I think that this logic assumes that the costs of launch and cis-lunar transportation will never be able to be reduced. Hence, going to the Moon will always be 5-6 times what it costs to send people to LEO now. I personally don’t believe that one can just assume that indefinitely especially with what SpaceX is doing with both the F9R and FH.

Also, I didn’t feel like enough consideration was given as to extended animal studies using tethered systems. I could imagine that such an experiment would cost a fair less, perhaps those funds could be found sooner than a full-on crewed partial gravity station, and could give us an initial gravity prescription. If it were me, I would place a rotating thetherd experiment in a co-orbit with the ISS, and have three tethers from the center of rotation measuring 1/6th, 3/8ths, and about 0.7 gee. This ought to give us the initial shapes of the biological response curves.

Alan M - May 29, 2014

Dr. Doug! Keep up the good work. I agree with everything you said and Joe Carroll’s work on artificial gravity is great.

So. . . as far as gravity is concerned – we can surivive on the ISS for a year. So. . . the Moon should be longer, say 2 years and Mars should be even longer, say 3 years. So Zubrin is right. We can go to Mars with some kind of gravity, whatever it is. It gets the job done. I’m not talking about cities in space. We will be doing outposts first and we know what we need to know to accomplish outposts. Then we learn if we can survive long term. Not sure why we couldn’t afford to rotate crews at outposts in the early years. If not, then how are we supposed to afford settlements????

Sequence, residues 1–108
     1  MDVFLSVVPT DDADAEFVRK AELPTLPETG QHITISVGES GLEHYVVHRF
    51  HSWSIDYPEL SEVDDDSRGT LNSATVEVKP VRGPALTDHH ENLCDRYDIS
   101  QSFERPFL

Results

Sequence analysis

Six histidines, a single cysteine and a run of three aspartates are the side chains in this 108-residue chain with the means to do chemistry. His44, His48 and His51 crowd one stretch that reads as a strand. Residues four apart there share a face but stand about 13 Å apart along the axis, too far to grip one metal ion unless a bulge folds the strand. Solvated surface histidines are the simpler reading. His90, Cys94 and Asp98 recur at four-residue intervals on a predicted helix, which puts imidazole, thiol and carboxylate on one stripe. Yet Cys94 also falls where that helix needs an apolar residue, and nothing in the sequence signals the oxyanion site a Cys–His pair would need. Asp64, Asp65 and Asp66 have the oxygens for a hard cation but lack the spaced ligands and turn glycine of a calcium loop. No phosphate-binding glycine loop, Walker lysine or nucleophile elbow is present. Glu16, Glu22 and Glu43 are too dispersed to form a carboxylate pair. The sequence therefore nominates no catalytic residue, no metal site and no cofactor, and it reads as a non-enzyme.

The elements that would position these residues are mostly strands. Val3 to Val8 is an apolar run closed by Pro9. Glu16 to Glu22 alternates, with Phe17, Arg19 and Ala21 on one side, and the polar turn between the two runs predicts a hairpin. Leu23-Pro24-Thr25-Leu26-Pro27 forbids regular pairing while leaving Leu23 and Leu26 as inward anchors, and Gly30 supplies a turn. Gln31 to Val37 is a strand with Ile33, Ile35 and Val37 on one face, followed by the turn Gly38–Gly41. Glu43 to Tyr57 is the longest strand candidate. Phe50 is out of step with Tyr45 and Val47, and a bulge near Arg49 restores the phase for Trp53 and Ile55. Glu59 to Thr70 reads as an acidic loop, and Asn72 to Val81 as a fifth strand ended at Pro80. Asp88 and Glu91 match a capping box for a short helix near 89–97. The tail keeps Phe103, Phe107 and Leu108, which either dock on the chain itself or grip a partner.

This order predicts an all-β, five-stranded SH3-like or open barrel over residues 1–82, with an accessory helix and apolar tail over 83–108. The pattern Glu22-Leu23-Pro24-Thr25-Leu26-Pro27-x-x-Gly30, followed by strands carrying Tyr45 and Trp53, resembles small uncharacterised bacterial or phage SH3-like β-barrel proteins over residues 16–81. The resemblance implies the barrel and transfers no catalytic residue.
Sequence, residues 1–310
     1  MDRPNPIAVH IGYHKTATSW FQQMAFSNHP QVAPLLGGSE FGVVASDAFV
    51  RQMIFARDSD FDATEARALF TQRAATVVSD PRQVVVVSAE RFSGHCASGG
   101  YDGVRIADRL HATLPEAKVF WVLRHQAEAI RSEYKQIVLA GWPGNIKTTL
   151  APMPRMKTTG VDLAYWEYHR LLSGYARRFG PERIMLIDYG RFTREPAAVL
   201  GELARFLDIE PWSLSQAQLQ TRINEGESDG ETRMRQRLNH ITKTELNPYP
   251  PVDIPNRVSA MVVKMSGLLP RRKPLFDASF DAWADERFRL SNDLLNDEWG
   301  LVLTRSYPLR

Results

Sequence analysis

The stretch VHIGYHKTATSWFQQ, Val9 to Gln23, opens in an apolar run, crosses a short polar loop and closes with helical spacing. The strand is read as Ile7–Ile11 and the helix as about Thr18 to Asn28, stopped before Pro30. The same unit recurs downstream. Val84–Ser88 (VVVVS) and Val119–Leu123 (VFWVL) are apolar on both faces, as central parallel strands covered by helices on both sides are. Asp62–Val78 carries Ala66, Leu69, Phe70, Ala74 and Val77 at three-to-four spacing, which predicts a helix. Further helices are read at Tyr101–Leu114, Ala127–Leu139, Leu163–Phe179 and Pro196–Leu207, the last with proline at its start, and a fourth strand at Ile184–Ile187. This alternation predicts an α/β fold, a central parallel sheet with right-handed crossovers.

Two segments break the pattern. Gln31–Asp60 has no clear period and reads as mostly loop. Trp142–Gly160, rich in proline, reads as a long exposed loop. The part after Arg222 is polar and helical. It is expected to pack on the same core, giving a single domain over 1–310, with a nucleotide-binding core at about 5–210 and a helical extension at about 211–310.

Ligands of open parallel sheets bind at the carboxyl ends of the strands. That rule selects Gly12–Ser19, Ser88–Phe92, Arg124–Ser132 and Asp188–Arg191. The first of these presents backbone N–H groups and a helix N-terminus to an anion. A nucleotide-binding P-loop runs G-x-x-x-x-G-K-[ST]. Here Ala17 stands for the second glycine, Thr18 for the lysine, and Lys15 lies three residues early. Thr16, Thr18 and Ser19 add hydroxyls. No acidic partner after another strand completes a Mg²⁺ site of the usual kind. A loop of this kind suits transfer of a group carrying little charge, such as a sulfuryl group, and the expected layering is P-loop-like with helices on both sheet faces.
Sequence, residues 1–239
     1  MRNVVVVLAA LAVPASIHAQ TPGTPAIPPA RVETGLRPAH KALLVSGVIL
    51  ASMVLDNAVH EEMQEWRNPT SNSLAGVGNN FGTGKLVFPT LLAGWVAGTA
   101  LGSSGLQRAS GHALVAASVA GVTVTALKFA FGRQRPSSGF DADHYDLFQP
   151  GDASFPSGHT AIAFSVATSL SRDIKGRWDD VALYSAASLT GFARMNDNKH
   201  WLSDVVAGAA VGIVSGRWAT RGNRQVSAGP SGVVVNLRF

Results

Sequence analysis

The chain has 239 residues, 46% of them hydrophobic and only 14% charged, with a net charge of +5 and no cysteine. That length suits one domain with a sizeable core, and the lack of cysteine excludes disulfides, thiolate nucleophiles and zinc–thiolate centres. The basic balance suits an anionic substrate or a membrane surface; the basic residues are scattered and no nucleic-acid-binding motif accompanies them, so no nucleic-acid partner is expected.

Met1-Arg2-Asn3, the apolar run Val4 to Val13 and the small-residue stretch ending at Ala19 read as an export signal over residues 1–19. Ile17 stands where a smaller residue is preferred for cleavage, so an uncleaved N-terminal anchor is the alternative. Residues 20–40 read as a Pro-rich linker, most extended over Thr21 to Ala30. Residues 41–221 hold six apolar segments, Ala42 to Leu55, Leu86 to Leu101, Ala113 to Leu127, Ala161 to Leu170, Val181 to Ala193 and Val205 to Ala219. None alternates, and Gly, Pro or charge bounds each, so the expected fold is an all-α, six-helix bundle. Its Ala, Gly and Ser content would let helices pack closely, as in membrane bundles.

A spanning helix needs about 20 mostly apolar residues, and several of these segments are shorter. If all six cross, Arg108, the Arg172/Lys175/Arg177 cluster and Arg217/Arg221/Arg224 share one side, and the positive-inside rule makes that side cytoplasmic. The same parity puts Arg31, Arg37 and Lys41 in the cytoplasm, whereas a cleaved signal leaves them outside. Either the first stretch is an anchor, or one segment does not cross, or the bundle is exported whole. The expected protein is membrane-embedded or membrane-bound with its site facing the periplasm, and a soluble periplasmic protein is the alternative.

No need to test Moon gravity except on the Moon, its in our backyard. So testing Mars gravity perhaps. How about Mars gravity Bigelow station so astronauts could stay for years, if they want.

I know that gravity and the other physical factors are huge. But you engineer with what you know and go! You learn the rest on the journey. If you wait til you know everything, you’ll never go, and why would you need or want to?

Alan M

The Space Show - May 31, 2014

Alan, I believe there are two important take aways from you post: 1): For all those that care about our space program and its future, including and specifically human spaceflight, we can count our lucky stars that you are neither a mission planner or space policy maker and that mission planners and policy makers will never ever listen to a word that you and your likeminded “true believers” preach in the space community. 2) That had you been one of my graduate students in college, you would have either flunked or had to demonstrate that you could develop opinion based on fact and solid engineering, life sciences, and related foundations, traits you do not demonstrate in your blog posts. That said, your posts are most instructive as they illustrate a problem we frequently address on many Space Show programs. The problem I am talking about is fantasy thinking, not evidenced based thinking. I certainly encourage you to continue listening to Space Show programs but also do some real research and learning. It will only serve to make you an effective space advocate rather than a guy hanging out in la la land. Take care and all the best. Above all, keep listening and learning.